News and Events

Point of Sale Tobacco Advertising Impacts Youth Tobacco Use
September 19, 2018

Have you ever been tempted to buy the candy near your local store’s check-out counter? What product is on the door or windows of your neighborhood convenience store? When you’re pumping gas, what type of product is being advertised on or near the pumps? Chances are the product at the gas pump and convenience store is tobacco. All of these are examples of point of sale marketing. It creates impulse buying for that candy bar. But what if you quit smoking recently and you saw a wall of tobacco behind the cash register? What if you are a child and tobacco ads on that convenience store door are at eye level? Point of sale marketing is designed intentionally to seize attention. But who’s attention is being seized and manipulated? Exposure to point of sale can cause a relapse in adults who have quit, and although the majority of adults become resistant to advertising, tobacco ads with colorful packaging and flavors are noticed three times more frequently by children than adults.

Point of sale resonates with children. When they see so many tobacco products with bright packaging and flavors, they perceive it to be a normal and harmless activity. They are more likely to become curious as adolescents and try the product. 90% of adult smokers began using tobacco before age 18. That is not a coincidence. It is an intentional marketing practice. If children between the ages of 11 and 17 did not begin using tobacco, (including electronic cigarettes) the tobacco industry would be out of customers. Exposure to point of sale marketing is linked to tobacco use initiation among adolescents. They have increased odds of ever smoking, experimental smoking, initiation, and becoming a daily or occasional smoker.      

State and local law enforcement officers sometimes conduct underage sales of tobacco during sting operations for underage sales of alcohol. We need law enforcement to do that because it is a criminal offense. There are other violations, point of sale violations, that are considered administrative and are not monitored. Certain corporations that sell tobacco like Walgreens, 7-11, WalMart, Mobil, Shell, Chevron, Valero and others are bound by Assurance of Voluntary Compliance contracts to reduce tobacco access and desirability of tobacco to youth. In these AVCs, retailers must keep tobacco ads to brand name, logo, and price, keep them within the tobacco display area (not by gas pumps), keep tobacco behind a barrier so it’s inaccessible, not sell look-alike products, and keep tobacco away from other products that appeal to children. These are measures that reduce the influence of tobacco on our children, but who monitors compliance?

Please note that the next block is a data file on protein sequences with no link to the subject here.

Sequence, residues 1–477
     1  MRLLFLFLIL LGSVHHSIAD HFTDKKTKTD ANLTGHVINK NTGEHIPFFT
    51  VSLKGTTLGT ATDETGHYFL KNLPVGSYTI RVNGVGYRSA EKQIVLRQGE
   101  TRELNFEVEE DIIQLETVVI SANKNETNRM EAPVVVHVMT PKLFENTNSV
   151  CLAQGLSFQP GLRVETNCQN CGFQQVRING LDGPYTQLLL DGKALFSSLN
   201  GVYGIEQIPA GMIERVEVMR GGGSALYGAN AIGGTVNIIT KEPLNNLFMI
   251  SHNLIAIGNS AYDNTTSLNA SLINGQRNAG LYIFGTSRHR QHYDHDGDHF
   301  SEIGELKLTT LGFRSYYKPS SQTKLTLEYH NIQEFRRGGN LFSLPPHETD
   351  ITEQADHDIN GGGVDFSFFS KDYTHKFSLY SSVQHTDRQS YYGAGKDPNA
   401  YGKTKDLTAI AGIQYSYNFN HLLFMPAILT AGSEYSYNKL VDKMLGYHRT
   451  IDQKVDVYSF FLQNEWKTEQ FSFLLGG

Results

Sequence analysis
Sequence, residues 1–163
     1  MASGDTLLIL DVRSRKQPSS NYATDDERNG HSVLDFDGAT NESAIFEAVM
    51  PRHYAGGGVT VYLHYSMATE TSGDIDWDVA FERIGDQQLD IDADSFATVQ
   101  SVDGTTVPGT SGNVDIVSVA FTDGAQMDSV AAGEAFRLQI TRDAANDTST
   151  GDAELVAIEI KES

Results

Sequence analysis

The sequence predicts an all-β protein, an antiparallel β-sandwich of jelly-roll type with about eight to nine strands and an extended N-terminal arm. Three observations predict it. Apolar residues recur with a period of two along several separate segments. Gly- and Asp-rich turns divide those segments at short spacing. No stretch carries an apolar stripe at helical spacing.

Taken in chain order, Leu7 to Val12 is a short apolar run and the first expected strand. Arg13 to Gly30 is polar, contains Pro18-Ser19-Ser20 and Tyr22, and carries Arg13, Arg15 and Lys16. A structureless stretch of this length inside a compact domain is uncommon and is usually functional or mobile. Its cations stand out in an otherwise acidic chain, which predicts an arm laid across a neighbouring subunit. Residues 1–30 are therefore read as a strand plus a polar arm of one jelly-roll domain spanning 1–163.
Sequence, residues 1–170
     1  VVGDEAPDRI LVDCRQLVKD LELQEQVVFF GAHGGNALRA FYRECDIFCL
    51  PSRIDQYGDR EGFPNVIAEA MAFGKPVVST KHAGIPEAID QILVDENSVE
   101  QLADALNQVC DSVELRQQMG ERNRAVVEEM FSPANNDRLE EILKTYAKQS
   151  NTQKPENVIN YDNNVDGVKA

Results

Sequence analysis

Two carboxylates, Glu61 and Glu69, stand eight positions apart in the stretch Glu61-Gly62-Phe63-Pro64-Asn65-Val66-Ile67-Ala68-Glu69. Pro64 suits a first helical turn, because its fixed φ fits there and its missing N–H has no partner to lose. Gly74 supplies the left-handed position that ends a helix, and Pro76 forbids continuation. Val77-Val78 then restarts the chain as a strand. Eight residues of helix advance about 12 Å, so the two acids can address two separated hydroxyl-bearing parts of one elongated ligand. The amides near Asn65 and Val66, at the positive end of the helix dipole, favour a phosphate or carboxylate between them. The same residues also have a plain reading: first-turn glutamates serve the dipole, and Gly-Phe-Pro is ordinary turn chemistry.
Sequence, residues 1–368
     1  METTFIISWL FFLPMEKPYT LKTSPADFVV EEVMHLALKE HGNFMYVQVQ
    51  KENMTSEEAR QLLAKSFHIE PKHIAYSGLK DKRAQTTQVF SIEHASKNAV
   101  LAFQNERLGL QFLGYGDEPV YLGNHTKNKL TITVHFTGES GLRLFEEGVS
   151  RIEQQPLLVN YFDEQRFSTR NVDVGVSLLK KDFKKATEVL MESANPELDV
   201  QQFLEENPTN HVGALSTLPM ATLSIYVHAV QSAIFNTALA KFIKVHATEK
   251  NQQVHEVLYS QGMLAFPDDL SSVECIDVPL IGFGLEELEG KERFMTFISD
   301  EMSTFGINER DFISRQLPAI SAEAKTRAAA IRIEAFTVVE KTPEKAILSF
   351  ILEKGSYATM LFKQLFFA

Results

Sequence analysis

These AVC measures which could reduce children’s exposure to point of sale tobacco have not been formally assessed until recently. In the past year, Tobacco Free Partnership members assessed compliance at 19 stores in Indian River County and found every retailer had some type of violation. Nearly 84% violated sign restrictions having more than just the logo, brand name and price displayed. Tobacco was easily accessible without a clerk’s assistance in several sites. Florida’s Tobacco license requires retailers to post a clear and conspicuous sign in each place of business stating that: THE SALE OF TOBACCO PRODUCTS TO PERSONS UNDER THE AGE OF 18 IS AGAINST FLORIDA LAW. PROOF OF AGE IS REQUIRED FOR PURCHASE. However, three 7-11 retailers and two Shell stations were in violation of this basic tobacco license requirement. The assessment exercise shows clearly that no one is regularly monitoring retailers for compliance with administrative requirements.

What’s the solution? Strategies have been developed to educate retailers about their responsibility to adhere to rules that decrease youth access to tobacco. If compliance is not achieved, a local tobacco retail license may be the next step for our community. To join us in decreasing youth tobacco use, please email or call 772-577-3701.